How to hunt down lost paper claims

Tips for speeding collection of overdue claims

About 80% of Medicare claims are submitted electronically. An all-too-common problem for the other 20% of paper-based bills is having the carrier lose or misfile a claim. As a rule, carriers generally hold clean paper claims at least 26 days before paying. Here are some tips on speeding up payment for paper claims still outstanding after 30 days.

Most Medicare carriers have an Automated Response Unit (ARU) line to help you determine the payment status of a particular claim. To make most efficient use of the ARU system, you should have the this information at hand when you call: Medicare provider identification number, your patient’s health insurance claim number, the date of service, plus any other pertinent information.

If the carrier says it has no record of receiving such a claim, all you can do is resubmit it as a new claim. And while you have the carrier on the line, it is a good idea to double-check the mailing address — including the post office box number and extended zip code — against the one on your claim.

If the ARU operator says the unit’s records show the claim has been paid, make sure you get the following data for your files: the pro vider remittance notice number, the paid amount, and the date the carrier says it paid the claim. How ever, if you still have not received payment after allowing adequate time for the check to arrive in the mail, call the carrier again and ask for a copy of the remittance advice. If the carrier says the check has been sent and cashed, ask for a copy of the canceled check.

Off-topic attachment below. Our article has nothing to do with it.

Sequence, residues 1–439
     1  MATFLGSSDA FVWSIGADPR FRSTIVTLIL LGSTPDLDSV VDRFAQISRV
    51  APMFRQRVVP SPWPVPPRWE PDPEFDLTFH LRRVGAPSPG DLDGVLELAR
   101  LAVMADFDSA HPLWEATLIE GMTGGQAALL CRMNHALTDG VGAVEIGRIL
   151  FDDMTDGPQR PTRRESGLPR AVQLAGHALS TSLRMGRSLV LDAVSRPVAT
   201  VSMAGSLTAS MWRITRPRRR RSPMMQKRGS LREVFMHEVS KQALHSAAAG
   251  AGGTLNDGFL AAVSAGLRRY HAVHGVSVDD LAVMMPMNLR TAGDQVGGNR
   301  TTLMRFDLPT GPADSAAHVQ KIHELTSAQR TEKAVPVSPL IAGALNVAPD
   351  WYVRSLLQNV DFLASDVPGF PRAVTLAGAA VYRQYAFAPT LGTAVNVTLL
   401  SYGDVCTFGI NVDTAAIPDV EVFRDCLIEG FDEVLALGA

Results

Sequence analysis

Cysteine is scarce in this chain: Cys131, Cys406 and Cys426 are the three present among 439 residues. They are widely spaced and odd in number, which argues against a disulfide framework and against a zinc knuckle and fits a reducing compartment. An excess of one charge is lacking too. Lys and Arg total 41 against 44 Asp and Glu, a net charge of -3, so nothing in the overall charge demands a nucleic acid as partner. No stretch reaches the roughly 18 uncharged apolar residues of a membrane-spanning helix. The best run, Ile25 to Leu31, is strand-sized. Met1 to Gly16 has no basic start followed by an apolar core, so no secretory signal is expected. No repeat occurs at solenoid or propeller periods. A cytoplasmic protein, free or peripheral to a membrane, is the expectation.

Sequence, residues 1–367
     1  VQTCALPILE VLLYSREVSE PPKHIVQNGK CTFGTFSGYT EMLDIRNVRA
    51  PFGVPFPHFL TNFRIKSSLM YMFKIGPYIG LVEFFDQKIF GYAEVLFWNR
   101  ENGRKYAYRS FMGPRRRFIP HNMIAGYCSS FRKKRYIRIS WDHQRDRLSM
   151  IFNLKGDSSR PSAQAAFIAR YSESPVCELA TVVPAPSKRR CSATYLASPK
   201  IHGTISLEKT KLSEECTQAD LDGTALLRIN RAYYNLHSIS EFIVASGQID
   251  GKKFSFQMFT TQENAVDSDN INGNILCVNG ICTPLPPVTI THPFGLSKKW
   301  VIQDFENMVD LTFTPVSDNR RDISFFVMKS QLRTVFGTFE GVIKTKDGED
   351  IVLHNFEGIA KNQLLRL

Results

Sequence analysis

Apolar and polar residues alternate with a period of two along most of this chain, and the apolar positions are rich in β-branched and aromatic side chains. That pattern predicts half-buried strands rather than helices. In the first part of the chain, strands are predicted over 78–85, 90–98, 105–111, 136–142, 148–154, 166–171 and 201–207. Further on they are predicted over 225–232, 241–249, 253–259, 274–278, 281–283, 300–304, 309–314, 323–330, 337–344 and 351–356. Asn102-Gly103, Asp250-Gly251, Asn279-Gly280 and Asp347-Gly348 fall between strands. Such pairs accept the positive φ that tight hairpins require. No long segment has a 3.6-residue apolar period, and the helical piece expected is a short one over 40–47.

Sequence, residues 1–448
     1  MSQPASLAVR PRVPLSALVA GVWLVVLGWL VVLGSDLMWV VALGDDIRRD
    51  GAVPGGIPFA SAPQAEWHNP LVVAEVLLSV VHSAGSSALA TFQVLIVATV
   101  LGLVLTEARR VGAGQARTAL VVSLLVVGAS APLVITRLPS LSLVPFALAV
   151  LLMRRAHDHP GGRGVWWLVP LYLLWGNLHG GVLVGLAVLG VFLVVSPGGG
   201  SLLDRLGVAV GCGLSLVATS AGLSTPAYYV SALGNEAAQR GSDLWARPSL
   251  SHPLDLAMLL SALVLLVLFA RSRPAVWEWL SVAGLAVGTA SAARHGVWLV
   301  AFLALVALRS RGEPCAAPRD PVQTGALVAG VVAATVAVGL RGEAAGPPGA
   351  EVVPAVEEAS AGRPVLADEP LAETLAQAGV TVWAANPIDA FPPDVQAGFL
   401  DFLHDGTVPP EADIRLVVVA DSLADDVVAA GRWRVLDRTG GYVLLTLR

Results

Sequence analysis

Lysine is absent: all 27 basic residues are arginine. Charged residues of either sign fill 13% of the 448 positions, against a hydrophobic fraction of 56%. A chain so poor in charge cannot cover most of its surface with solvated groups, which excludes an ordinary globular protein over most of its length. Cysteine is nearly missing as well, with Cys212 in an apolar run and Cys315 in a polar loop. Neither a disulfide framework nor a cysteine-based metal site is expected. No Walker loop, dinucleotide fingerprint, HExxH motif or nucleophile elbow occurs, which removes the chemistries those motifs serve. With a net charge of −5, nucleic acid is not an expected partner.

Handling pending claims

More than likely, rather than saying the ARU did not receive the claims, the ARU representative will tell you the claim in question has been held up pending a review because of a question regarding the coding, the amount, or eligibility requirements.

Find out as much as you can about what in the claim has been questioned and when the review may be finished. Make a note of the date, time, and to whom you spoke. Also make sure the billing and collection department gets a copy of your notes and the patient’s financial records are updated.

Many experts suggest it is probably best to simply do nothing if the carrier is performing an eligibility or nurse review until the review is done and a decision made to either pay or deny it.

If the reviewer wants more data before making a final decision, you will receive a letter asking for additional information. Remember: It is in your best interest to respond immediately to that request because the carrier is going to hold the claim until it receives the information it requested. The carrier also may reject the claim if it feels you did not respond in a timely manner.